The iPad mini reviews are arriving, and they're not very flattering when it comes to the graphics of Apple's (NASDAQ:AAPL) new device.
- "It's disappointing to go non-retina after using the retina iPad for the last seven months," Daring Fireball's John Gruber writes. "All of the accolades and advantages of retina displays work in reverse."
- "I don't think the lower resolution is a deal-breaker in this product, but it is a compromise you have to be aware of," writes The Verge. "It simply doesn't look as clear as other products on the market."
- "But oh, that screen," concludes CNET. "It's not bad, not at all, but it's not Retina Display. It's not even as high-res as other 7-inch tablets."
You know what makes things worse? The other tablets that The Verge and CNET are referring to -- Google's (NASDAQ:GOOGL) Nexus 7 and Amazon.com's (NASDAQ:AMZN) Kindle Fire HD -- sell for nearly 40% less.
Is Apple going to sell a ton of these things? Absolutely. Folks trying to buy them online now are being told to either try their luck at a local store or wait two to three weeks for shipping. Unlike the other new tablet maker using a similar tactic -- Microsoft (NASDAQ:MSFT) with its Surface now at a three-week delay for all of its models -- Apple probably is the one that can't really keep up with the initial demand.
Apple knew that it couldn't pack all of the features of the fourth -- or even the third -- generation of its iPad into the $329 iPad mini. Too many consumers would simply trade down to the cheaper iOS tablet. the launch would be a cannibalization disaster.
Somewhere along the way, it was decided that the iPad mini would go with two features -- the slower A5 chip and the 1024-by-768 resolution -- of the $399 iPad 2. If the iPad mini would eat into sales, it would be preferable if it was the iPad 2 that's $70 more than the new iPad that's $170 more.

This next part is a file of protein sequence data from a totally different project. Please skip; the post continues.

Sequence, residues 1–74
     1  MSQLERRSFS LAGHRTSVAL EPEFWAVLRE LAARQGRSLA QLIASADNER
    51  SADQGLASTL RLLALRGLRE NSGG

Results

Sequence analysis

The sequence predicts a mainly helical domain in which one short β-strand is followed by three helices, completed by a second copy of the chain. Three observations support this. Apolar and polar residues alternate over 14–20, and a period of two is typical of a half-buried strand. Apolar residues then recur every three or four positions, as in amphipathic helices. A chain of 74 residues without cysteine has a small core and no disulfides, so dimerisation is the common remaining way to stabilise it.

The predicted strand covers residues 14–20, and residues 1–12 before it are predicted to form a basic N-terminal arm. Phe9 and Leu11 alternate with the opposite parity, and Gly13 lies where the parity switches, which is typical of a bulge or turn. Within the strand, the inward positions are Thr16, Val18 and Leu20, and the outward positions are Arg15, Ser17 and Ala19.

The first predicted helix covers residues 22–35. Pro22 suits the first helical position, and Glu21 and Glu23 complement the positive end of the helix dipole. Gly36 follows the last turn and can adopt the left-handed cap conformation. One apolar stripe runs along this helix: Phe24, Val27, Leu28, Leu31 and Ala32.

The chip isn't much of a problem. Most consumers can't tell the difference between the dual-core A5 and the dual-core A6X that raises the stakes with quad-core graphics. The same can't be said for the display. Seeing truly is believing, and anyone walking into an Apple Store to see the two devices side by side will see the problem.
Apple has spent the last two iPad incarnations pitching consumers on the merits of Retina Display where individual pixels can't be discerned. Now it doesn't want the same consumers that it educated to notice the difference? It's like taking someone on a fine wine tasting, only to wash it down with cooking wine. It's like explaining the finer points of music on the way to a Justin Bieber concert.
They're mocking you, Cupertino
The competition is starting to sense Apple as vulnerable.
You saw it last month when Samsung mocked the iPhone 5 early adopters. Ads made fun of those standing in line for Apple's shiny new smartphone, just as Apple would ridicule PC users a few years earlier.
Over the weekend, it was Amazon going on the offensive on its magnetic website's home page, pitting the iPad mini's inferior specs against its much cheaper Kindle Fire HD.
Is Apple going to admit that it made a mistake, here? If Scott Forstall was let go as a result of Apple Maps, who will take the fall for Apple craps?
It's not just me seeing this, right? The iPad mini's refusal to go high-def is a call that undermines everything Apple has done to get to where it is today.
Junk in the trunk
Steve Jobs mocked the 7-inch gadgetry as tweeners. He also mocked the manufacturers that would sacrifice features for the sake of nailing a low price point.
"We just can't ship junk," he famously said five years ago. "There are thresholds that we can't cross because of who we are."
Apple won't win with this strategy in the long run. It's in the company's best interest for it to fail here.
Why? Well, if consumers do accept the iPad mini with a display that is inferior to even the $199 tablets on the market, it will only encourage Apple to settle in the future. If shoppers are such lemmings that they'll buy anything with a bitten Apple logo on it, the quality of the company's products will decline in a hurry. In time, they'll smarten up and stop trusting Apple.
The iPad mini needs to fail for Apple to succeed.
Wrap your head around that until it sinks in. You'll probably agree.
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Longtime Fool contributor Rick Aristotle Munarriz has no positions in the stocks mentioned above. The Motley Fool owns shares of Apple, Amazon.com, Google, and Microsoft. Motley Fool newsletter services recommend Apple, Amazon.com, Google, and Microsoft. Try any of our Foolish newsletter services free for 30 days.